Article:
Friday, January 2, 1998
HOW DID IT DOUBLE?
Buckle Up! Buckle Way Up! For the teen clothing retailer, changing fashions and young adults with more money to spend has made the company popular to both shoppers and investors.
Grunge is dead. Goodbye shredded jeans and oversized flannel shirts. Teenager closets need to be restocked, and the hip Buckle (or is that the hip-hugging bell-bottom Buckle?) has been more than happy to comply.
Teens are dressing up. Boys are trading in their Seattle-inspired garb for Tommy Hilfiger, Nautica, and Ecko, while adolescent girls are buying up sequined tank tops and lace dresses.
The trend has been significant enough to drum up a stunning 16.5% gain in same-store sales. That has led to some favorable margin expansion given the nature of the fixed overhead and the low variable clothing cost. In the October quarter, sales were up 30% while earnings soared 66%. No wonder shareholders have decided to Buckle up -- it's been quite a ride.
Nebraska's The Buckle, Inc. owns a chain of 200 specialty retail shops. Primarily mall-based, the stores offer apparel and accessories tailored to young men and women.
Back in the spring the stock had a 2-for-1 stock split and moved from the Nasdaq to the New York Stock Exchange.
12-month sales: $245.2 million
12-month income: $19.2 million
12-month EPS: $1.28
Profit Margin: 7.8%
Market Cap: $527.5 million
Cash: $37.5 million
Current Assets: $99.4 million
Current Liabilities: $34.4 million
Long-term Debt: None
HOW COULD YOU HAVE FOUND THIS DOUBLE?
If there is one word that can aptly describe young fashion it would have to be fickle. Tastes ebb and flow. It's depeche mode where no garment lasts forever. Just two years ago we saw the flip side of today's revival. Back then Merry Go Round and Edison Brothers were filing for bankruptcy as the entire niche suffered with no definite fashion trends.
A forward-thinking investor would have figured that when the tide changed new stores would have to fill the void -- and the emptied out mall sites. Momentum has been on Buckle's side all year. The chain was beginning to report double-digit same-store sales growth while the stock was trading for a third of where it is today.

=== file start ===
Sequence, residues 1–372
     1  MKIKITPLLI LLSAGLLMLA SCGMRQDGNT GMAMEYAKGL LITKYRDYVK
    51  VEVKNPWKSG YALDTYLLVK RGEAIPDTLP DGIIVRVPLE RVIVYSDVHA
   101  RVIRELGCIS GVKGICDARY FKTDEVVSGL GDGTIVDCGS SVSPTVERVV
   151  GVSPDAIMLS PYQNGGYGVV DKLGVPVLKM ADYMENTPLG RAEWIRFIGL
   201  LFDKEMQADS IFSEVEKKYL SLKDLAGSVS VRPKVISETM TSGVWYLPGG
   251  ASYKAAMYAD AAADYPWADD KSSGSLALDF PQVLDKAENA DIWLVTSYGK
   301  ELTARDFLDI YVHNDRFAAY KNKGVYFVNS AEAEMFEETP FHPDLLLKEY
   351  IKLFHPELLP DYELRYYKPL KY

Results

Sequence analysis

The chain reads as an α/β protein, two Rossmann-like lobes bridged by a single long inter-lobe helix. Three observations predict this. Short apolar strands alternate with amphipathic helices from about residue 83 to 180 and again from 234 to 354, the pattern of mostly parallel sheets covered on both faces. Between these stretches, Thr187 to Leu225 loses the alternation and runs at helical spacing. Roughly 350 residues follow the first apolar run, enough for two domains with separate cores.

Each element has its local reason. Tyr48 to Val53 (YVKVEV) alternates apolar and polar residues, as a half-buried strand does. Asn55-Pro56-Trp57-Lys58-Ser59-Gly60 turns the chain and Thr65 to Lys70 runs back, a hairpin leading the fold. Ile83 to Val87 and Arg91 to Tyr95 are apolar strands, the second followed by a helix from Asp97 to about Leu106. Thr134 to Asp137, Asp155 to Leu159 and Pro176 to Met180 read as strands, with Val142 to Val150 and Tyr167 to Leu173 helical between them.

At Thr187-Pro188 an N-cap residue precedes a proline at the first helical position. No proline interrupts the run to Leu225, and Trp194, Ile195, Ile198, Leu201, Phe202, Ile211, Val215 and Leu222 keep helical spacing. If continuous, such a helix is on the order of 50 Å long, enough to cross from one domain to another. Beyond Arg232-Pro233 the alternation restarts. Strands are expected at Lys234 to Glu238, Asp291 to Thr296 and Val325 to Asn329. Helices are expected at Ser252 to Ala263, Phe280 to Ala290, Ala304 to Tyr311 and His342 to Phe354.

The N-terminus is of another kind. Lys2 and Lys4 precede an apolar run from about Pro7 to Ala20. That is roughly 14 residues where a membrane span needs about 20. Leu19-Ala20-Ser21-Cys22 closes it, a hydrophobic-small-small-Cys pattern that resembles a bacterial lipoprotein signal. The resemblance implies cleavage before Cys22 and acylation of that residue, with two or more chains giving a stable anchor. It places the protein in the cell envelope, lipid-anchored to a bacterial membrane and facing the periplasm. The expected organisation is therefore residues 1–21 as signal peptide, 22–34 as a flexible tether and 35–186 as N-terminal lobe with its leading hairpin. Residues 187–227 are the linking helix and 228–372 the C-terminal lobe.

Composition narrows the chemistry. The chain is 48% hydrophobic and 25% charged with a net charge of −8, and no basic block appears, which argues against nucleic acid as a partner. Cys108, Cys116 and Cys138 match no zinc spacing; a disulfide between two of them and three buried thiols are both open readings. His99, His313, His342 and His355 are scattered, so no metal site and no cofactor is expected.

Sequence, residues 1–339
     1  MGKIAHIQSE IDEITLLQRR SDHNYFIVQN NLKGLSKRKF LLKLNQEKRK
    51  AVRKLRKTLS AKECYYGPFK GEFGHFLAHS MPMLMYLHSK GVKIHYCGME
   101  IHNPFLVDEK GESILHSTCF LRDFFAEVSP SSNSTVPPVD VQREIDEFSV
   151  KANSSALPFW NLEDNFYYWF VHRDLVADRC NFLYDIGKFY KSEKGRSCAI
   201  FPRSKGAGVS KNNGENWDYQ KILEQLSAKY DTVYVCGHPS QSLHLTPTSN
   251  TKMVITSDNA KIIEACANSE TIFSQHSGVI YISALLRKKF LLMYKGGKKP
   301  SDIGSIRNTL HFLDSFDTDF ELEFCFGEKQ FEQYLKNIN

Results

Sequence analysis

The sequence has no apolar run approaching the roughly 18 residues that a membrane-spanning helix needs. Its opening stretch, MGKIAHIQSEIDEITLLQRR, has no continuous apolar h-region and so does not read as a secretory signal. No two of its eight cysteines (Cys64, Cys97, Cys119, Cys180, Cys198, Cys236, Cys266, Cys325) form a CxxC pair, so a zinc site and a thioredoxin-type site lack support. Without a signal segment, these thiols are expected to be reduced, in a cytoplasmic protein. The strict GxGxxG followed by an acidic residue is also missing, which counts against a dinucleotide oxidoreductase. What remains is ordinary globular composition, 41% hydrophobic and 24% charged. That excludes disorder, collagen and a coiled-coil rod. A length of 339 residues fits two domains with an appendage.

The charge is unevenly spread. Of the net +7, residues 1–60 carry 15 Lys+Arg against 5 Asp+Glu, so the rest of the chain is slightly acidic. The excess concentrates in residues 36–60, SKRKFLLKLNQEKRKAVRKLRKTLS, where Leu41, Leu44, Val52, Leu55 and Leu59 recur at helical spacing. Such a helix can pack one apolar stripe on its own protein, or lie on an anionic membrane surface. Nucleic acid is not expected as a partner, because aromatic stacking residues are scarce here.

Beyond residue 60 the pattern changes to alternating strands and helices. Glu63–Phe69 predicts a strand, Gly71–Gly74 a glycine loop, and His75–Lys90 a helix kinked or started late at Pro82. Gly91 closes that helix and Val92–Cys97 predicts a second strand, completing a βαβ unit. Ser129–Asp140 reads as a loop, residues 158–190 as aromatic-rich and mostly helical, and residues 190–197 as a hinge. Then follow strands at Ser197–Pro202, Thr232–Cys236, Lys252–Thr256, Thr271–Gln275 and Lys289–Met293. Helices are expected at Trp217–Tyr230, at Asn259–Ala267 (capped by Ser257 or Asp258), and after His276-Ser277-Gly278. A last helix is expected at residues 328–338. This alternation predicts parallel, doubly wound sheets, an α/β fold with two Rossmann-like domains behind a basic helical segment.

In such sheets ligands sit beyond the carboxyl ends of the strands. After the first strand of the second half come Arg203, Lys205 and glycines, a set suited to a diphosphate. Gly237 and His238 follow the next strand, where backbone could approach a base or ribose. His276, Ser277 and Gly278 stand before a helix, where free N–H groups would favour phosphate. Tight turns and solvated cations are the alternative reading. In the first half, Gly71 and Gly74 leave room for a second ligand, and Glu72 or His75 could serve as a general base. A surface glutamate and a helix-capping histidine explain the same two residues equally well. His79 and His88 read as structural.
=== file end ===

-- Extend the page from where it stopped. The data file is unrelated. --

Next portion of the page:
How popularity helps a retail chain is pretty simple. A mall tenant will pay the landlord for square footage. While there is often a meager percentage of revenues attached to the terms of the lease, rent is pretty much a fixed expense. So, as has been the case with Buckle, when each square foot is generating $206 in annual sales compared to just $179 the year before, margins tend to expand. Despite the busier fingers at the cash register, labor costs remain relatively fixed as well.
The one knock on labor costs, that the minimum wage went up this year, actually has helped Buckle since the nationwide mandate has put more change in the pockets of potential Buckle customers.
WHERE TO FROM HERE?
Not all teen retailers have thrived. Hot Topic (Nasdaq: HOTT) has only registered a 2% same-store sales gain over the past year. Buckle has set itself apart by offering everything from jean alterations to gift wrapping -- for free. The service goodies have made sense to a prudent yet hurried generation of young shoppers.
Despite its fickle patrons, Buckle itself is being run quite conservatively. The company has a cash-rich balance sheet and is debt free, unlike many of its leveraged mall counterparts -- many of whom have buckled under debt pressure. The company is also only growing its base of stores at 10% a year. That may change next year when the company expands its strained distribution center capacity to be able to service more than 400 eventual locations.
The analysts are conservative as well. Despite growing earnings more than 50% this year, they expect the chain to grow the bottom line at a 16% clip next year and over the next five years.
That is certainly a realistic benchmark -- one that places the stock's P/E valuation, its growth rate, and its patronage all in the teens. Yet, remember the fickle. Keep an eye on the monthly same-store sales figures. Just as smart investors scored big by jumping in early, they can be hurt by jumping off too late.
-Rick Aristotle Munarriz